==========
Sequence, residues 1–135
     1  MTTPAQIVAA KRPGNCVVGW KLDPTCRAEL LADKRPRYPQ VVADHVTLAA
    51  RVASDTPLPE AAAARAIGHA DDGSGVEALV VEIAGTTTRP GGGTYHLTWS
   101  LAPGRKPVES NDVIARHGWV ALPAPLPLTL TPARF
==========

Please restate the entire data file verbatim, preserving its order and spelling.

Sequence, residues 1–135
     1  MTTPAQIVAA KRPGNCVVGW KLDPTCRAEL LADKRPRYPQ VVADHVTLAA
    51  RVASDTPLPE AAAARAIGHA DDGSGVEALV VEIAGTTTRP GGGTYHLTWS
   101  LAPGRKPVES NDVIARHGWV ALPAPLPLTL TPARF